Estate Planning 101

February 2017

Generally, when someone contacts our Trusts & Estates group for advice on estate planning they are looking to do one of two things: (i) develop a plan should something happen to them and they become incapacitated, or (ii) develop a plan for the management and distribution of their assets after they pass away.

Planning for Incapacity

There are two primary documents when planning for incapacity: (i) a Power of Attorney – also referred to as a “financial power of attorney;” and (ii) a Health Care Directive – also referred to as “living will” or “health care power of attorney.”

Power of Attorney basics:

  • Authorizes someone (the “Attorney-In-Fact”) to act on your behalf as it relates to financial matters.
  • Primarily used in the event of incapacity.
  • Failure to implement a Power of Attorney could mean that your loved ones have to petition the court to appoint someone as a conservator of your estate.

Health Care Directive basics:

  • Informs others of your health care wishes.
  • Authorizes someone to act on your behalf as it relates to medical decisions if you are unable to make decisions for yourself.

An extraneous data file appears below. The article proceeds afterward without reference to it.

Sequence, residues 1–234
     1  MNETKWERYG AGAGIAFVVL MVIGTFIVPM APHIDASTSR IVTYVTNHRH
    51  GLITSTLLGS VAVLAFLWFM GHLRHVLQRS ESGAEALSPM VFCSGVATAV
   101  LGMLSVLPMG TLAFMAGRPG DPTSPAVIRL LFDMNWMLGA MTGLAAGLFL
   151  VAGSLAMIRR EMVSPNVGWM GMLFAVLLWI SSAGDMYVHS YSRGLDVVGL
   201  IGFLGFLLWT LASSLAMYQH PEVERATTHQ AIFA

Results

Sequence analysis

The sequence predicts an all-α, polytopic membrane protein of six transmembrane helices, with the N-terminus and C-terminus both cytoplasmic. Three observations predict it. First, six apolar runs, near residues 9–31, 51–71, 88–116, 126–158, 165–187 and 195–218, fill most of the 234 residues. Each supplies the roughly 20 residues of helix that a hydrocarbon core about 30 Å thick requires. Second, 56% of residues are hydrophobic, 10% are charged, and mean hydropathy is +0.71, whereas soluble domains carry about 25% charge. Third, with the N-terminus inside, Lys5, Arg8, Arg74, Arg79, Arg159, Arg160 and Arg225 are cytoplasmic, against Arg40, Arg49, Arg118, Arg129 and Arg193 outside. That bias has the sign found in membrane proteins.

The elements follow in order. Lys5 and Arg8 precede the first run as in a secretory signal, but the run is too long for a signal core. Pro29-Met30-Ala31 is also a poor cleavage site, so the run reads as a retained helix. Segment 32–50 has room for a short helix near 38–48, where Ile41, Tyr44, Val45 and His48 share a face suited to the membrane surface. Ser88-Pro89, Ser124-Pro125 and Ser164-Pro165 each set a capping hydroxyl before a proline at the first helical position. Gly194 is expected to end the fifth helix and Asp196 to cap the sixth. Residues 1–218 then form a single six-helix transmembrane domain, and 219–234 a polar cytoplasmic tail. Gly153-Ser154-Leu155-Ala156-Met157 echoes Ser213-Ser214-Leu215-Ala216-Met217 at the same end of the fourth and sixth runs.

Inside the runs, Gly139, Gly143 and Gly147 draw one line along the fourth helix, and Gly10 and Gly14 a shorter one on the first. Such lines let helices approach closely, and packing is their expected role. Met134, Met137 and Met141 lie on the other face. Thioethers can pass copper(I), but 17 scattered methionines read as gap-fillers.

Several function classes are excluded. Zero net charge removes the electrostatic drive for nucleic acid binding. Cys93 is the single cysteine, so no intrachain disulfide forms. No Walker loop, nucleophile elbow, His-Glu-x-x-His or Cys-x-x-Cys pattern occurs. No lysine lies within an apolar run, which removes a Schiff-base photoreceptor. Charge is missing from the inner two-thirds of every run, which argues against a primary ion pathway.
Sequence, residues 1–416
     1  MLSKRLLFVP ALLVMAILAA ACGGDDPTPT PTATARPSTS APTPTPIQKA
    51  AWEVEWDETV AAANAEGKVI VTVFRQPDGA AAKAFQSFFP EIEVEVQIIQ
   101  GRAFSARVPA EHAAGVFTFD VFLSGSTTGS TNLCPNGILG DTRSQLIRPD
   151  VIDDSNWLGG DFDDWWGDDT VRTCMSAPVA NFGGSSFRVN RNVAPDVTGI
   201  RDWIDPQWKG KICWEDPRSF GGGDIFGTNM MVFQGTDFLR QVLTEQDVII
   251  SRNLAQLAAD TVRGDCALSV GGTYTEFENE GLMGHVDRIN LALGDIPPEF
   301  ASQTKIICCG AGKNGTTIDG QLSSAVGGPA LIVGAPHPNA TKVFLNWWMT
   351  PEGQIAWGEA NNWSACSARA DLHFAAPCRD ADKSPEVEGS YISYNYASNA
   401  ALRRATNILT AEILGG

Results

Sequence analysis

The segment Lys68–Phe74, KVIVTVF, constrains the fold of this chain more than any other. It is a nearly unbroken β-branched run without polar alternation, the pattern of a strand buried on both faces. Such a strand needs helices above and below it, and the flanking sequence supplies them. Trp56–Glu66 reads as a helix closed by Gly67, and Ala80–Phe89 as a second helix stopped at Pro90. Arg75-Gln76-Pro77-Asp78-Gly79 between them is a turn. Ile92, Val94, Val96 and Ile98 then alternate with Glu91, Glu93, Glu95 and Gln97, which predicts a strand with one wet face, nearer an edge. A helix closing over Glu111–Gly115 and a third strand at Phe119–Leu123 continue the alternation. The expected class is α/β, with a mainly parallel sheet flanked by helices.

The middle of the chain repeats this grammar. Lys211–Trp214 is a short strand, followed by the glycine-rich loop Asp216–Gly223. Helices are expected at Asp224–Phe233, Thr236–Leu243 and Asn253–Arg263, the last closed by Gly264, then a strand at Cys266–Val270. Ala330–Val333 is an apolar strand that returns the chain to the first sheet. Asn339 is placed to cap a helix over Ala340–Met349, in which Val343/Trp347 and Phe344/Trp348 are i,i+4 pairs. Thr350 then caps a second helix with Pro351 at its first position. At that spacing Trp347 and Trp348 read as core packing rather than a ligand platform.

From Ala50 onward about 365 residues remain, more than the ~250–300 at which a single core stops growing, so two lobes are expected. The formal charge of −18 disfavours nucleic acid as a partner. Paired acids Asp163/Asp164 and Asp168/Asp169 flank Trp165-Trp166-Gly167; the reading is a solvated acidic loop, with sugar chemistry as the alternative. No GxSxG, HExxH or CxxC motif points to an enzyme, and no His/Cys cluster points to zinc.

• Avoids conflict as to who has the legal right to make medical decisions for another.
  • Failure to implement a Health Care Directive could mean that your loved ones have to petition the court to appoint someone as a guardian to make decisions on your behalf.

Planning for After Death

There are different ways to plan for the management and distribution of your estate after your death. It is important that you work with your attorney to design the most appropriate method of administering your estate and distributing your assets as you wish.

Generally, most estate plans are created around a Will or a Revocable Living Trust. A Will plan is based around creating a Will that directs how your estate will be distributed and appoints an individual to manage and distribute your estate. It is important to note that having a Will does not avoid probate. The purpose of a Will is to provide instruction as to how your assets should be distributed, and the probate process is the method in which the assets are gathered and distributed. A Revocable Living Trust plan is an estate planning tool that can provide enhanced incapacity planning and typically provides for a more efficient administration of your estate. One of the primary benefits of implementing a Revocable Living Trust is the ability to avoid probate.

If you have any questions about the above information, feel free to reach out to the FMJ Trusts & Estates group and we would be happy to provide you with answers.

If you have any questions or would like to discuss your estate planning options, contact Trusts & Estates attorney Matt Jensen at matthew.jensen@fmjlaw.com or 952.995.9500.